Most People Don’t Know The Intriguing Story Behind This Modern Day Nevada Ghost Town
Near the small town of Wells in Elko County is one of Nevada’s most intriguing ghost towns—one that has absolutely no ties to the state’s mining history. The modern day Nevada ghost town of Metropolis was the project of Massachusetts businessman Harry L. Pierce who sought to make Metropolis the center of a new, huge farming district. In 1910, Pierce’s New York-based Pacific Reclamation Company purchased 40,000 acres below Emigrant Canyon and contracted to have a dam constructed on Bishop Creek with the hopes of using the reservoir to irrigate the town. However, water usage rights disputes caused nearby Lovelock to file a law suit. Consequently, farming difficulties and a host of natural disasters eventually destroyed the short-lived town.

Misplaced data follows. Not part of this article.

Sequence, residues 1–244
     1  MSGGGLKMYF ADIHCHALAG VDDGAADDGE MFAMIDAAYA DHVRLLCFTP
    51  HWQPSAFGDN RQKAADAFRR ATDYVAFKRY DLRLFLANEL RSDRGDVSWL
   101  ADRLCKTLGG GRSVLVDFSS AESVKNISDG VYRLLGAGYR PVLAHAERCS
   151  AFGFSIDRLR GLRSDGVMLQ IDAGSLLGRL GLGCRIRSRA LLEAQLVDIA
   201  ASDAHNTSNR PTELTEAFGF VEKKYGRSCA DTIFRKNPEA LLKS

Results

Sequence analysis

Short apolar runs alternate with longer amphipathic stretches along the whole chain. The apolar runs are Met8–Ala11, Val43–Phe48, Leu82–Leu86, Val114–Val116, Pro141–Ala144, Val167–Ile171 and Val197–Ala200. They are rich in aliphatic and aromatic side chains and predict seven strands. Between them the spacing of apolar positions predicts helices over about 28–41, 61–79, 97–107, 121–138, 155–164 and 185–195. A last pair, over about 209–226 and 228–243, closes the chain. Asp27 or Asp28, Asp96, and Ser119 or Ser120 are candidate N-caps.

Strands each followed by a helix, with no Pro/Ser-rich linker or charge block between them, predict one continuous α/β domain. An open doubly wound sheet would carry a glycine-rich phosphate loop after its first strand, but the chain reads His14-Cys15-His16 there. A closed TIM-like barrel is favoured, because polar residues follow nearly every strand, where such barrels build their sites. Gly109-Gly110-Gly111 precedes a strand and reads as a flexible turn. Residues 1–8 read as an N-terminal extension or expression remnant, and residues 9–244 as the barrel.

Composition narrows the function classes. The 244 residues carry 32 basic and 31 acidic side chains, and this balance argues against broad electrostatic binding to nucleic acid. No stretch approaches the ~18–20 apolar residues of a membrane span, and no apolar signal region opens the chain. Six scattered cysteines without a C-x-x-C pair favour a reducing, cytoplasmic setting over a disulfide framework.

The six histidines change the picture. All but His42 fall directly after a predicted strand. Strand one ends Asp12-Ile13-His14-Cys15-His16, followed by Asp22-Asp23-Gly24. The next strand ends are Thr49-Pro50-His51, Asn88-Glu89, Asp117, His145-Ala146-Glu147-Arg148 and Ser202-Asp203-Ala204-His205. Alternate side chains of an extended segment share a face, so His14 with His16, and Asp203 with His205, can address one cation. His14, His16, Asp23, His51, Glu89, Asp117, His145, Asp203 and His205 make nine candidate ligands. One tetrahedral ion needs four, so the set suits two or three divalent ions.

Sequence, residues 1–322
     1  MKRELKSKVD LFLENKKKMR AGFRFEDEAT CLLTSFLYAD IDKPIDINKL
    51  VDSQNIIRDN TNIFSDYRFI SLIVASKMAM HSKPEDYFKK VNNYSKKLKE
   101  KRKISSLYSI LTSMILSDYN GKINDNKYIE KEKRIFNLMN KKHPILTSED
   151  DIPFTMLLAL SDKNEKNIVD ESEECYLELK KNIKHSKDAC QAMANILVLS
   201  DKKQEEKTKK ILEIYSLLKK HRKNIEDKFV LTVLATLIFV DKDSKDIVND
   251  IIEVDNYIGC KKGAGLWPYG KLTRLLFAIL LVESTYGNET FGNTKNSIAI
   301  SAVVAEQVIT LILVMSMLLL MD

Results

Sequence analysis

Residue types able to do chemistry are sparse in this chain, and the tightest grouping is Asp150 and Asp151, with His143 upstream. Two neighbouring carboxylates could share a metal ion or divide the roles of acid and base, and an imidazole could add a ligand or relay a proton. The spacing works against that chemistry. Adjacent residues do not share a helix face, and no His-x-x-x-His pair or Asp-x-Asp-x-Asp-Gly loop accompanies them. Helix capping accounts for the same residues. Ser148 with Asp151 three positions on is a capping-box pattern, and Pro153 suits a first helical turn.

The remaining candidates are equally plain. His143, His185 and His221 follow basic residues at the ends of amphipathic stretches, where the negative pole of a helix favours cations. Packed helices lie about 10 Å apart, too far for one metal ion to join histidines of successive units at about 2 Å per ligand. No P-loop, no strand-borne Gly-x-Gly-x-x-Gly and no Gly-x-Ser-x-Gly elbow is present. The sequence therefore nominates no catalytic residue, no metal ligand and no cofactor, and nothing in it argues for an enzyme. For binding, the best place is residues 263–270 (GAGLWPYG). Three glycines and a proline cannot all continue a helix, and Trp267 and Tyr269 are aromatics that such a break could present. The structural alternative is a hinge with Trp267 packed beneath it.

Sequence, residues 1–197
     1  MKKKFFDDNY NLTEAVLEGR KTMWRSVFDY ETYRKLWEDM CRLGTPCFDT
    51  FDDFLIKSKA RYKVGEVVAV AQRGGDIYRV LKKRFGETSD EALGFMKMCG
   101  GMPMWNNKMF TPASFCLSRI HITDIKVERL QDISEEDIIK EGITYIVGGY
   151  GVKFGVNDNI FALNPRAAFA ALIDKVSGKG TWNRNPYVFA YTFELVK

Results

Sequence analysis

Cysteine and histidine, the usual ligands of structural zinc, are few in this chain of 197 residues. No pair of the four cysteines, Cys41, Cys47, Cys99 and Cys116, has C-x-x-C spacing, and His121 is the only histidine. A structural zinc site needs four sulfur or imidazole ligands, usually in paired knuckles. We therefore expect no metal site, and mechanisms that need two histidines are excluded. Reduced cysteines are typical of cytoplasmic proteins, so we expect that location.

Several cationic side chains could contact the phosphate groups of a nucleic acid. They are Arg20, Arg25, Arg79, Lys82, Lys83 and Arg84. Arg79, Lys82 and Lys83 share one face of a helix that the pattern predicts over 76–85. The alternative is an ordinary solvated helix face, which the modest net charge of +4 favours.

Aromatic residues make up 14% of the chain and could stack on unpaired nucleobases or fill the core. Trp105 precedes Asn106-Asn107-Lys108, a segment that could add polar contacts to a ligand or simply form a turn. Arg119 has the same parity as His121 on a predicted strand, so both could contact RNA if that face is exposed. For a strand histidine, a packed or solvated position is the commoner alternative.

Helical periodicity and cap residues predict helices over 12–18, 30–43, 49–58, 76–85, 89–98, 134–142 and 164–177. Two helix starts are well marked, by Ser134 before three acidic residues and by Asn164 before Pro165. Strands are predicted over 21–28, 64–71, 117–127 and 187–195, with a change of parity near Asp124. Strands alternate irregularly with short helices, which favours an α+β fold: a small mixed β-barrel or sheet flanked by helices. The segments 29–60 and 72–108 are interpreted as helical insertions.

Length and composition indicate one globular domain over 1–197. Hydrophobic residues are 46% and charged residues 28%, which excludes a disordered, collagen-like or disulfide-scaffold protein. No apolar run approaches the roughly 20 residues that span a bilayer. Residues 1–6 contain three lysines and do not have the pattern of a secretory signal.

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Eventually, marauding coyotes and a rise in the jackrabbit population was followed by drought, typhoid, and hordes of crickets set Metropolis on its doomed path. Pacific Reclamation declared bankruptcy in 1920. By 1922, the railroad had discontinued service to the area. By 1924, the population dwindled to 200, fires overtook the hotel and amusement hall, and the last store closed in 1925. Then, the post office closed in 1942. By 1950, Metropolis had become a modern day Nevada ghost town.
Eighty years past its prime but still more modern than most of Nevada’s mining-era ghost towns, Metropolis continues to fascinate. Have you visited this unique modern day Nevada ghost town? Please share your comments below.
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